The subject of finance is concerned with the manner in which individuals and firms allocate resources among competing uncertain alternatives over time. Finance deals specifically with portfolio decisions of individual investors, with investment and financing decisions by firms, and with the implications of such behavior for the pricing of capital assets in the market place. Recommended course work in the area of finance covers the basic tools, theory, and empirical evidence necessary to give students a solid foundation upon which to generate and disseminate new knowledge throughout their careers. Students are encouraged to enter into research projects, either individually or jointly with faculty or fellow students in addition to the dissertation requirement. Students also obtain valuable teaching experience during their Ph.D. program of studies at the University of Washington.
Our faculty’s interests in finance include theoretical, institutional and empirical analyses of (1) corporate finance topics such as capital budgeting, project valuation, capital structure, dividend policy and the cost of capital, (2) mergers and acquisitions, (3) corporate control, (4) the management of financial institutions, (5) new venture financing, (6) mutual funds and related investment vehicles, (7) international finance, (8) tests of asset pricing models, (9) options and futures markets, (10) market micro-structure, and (11) the behavior of interest rates and foreign exchange rates.
Applicants must have completed an undergraduate degree at an accredited university and should have a reasonable training in mathematics and economics. An admission committee of faculty members reviews all completed applications. While the committee considers all relevant factors in its recommendations, important factors include past academic performance and GMAT scores. The GRE exam can be substituted for the GMAT but the GMAT is strongly preferred. In some cases we may request a personal interview.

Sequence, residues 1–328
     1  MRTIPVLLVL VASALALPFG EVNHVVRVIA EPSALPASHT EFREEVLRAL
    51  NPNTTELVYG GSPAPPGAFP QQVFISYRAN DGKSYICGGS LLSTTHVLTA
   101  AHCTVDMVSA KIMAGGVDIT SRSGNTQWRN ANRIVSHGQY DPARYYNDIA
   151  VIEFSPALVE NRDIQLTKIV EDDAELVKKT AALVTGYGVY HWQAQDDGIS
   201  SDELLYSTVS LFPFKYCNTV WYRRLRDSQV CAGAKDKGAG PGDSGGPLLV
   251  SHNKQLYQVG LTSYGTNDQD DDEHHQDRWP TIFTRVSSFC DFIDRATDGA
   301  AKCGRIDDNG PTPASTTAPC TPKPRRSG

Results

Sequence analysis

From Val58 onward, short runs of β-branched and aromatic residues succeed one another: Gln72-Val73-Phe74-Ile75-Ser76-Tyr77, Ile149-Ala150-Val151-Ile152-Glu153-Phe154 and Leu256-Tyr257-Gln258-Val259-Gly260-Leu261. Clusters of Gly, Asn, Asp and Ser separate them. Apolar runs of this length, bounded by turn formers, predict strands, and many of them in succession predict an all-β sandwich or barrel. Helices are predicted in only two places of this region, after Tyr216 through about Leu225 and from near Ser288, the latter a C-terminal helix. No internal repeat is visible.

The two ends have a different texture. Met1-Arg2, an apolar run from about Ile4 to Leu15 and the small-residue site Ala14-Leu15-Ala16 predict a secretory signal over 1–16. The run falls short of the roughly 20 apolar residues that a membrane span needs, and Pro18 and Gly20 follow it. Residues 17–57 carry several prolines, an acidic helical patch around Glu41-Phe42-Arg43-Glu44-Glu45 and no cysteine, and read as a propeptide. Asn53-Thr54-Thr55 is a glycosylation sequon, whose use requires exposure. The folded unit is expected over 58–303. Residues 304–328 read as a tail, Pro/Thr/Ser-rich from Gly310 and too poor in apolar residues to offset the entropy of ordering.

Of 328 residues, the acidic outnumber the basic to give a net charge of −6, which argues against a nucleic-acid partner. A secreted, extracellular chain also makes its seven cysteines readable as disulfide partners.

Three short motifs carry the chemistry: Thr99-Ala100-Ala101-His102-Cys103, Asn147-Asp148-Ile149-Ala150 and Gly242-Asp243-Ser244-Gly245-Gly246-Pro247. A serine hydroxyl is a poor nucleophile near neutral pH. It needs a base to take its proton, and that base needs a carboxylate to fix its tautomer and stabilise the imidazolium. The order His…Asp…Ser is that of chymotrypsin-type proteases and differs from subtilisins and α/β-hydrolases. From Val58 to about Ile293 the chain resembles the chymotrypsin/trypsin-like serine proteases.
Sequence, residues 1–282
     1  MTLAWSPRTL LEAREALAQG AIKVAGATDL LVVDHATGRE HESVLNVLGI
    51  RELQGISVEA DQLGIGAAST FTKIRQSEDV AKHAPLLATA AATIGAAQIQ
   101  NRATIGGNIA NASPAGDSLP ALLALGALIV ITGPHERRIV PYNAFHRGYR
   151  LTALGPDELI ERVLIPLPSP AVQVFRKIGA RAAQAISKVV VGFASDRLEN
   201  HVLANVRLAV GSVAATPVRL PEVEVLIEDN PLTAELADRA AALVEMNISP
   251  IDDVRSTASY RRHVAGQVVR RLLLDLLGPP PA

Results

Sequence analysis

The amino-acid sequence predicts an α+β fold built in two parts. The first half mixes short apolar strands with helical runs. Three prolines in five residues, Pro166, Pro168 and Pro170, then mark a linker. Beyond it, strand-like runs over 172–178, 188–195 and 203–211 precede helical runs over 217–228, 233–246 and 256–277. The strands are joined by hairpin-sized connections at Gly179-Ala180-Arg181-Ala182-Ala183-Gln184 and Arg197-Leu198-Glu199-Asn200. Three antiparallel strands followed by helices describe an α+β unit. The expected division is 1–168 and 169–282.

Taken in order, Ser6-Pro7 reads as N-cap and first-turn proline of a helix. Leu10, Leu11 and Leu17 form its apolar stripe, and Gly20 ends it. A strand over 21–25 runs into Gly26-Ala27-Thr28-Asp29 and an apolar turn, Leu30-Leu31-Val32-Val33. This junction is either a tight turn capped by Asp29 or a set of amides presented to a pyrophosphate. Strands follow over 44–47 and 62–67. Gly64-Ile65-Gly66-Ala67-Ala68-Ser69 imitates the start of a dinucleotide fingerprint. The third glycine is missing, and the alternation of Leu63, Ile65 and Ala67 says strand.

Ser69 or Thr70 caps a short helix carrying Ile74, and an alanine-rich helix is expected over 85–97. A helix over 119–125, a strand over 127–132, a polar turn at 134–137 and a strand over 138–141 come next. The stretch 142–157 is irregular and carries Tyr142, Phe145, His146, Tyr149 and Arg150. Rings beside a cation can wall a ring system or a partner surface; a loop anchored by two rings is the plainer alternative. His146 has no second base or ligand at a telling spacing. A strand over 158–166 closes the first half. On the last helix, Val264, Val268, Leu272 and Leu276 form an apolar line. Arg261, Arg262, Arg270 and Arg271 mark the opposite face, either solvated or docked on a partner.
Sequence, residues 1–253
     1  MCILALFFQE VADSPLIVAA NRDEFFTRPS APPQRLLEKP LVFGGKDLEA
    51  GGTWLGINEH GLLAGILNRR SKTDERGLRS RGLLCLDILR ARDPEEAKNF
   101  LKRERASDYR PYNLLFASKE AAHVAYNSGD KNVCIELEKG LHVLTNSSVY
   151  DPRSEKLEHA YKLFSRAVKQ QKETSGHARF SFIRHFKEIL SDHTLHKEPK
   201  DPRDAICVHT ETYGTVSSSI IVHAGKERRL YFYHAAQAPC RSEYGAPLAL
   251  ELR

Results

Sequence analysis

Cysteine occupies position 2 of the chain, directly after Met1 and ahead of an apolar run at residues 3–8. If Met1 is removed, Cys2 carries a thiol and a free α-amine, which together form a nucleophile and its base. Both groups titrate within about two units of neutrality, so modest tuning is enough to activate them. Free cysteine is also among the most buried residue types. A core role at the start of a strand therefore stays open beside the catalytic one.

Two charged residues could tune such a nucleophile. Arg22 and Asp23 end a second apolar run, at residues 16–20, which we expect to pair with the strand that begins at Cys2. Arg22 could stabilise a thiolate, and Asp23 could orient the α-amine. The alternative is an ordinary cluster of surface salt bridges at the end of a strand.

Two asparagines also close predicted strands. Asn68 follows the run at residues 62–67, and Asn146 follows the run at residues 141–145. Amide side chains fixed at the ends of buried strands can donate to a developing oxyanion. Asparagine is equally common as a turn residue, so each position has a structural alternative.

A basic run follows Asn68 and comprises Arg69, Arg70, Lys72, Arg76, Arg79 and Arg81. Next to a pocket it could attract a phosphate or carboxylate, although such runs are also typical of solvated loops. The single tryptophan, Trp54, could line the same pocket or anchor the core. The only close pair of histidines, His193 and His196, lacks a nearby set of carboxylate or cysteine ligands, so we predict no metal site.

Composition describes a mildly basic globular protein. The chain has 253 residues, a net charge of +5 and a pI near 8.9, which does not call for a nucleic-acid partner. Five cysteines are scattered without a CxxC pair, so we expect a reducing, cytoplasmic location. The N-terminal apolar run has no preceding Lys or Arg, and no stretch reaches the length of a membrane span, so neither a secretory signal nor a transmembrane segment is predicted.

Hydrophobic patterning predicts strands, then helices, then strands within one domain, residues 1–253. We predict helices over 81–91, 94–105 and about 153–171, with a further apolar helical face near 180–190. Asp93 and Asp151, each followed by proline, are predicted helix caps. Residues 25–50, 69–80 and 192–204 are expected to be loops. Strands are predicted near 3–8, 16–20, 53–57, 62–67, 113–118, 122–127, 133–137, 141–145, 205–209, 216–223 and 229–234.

Recommended Preparation Prior to Entry
Students entering the Ph.D. program as finance majors should be comfortable with the important concepts of calculus, linear algebra, and microeconomics before they arrive on campus. It is strongly recommended that all new finance majors carefully review this material during the Summer before entering the program.
Finance Area Faculty Coordinator
Prof. Alan Hess, Finance Area Faculty Coordinator, would be glad to answer your questions. Contact him by phone (206-543-4579) or by email (firstname.lastname@example.org).
The Finance Area Faculty Coordinator advises new students until they establish a Supervisory Committee by the end of the Spring quarter of their first year (the committee consists of a major area advisor and a faculty representative from each supporting area). The supervisory committee assists the student in choosing appropriate courses, approves the course of studies, and monitors the student’s progress.
Department Web Site
Course Requirements for Finance Major
A Typical Course Schedule
Course Requirements for Finance Minor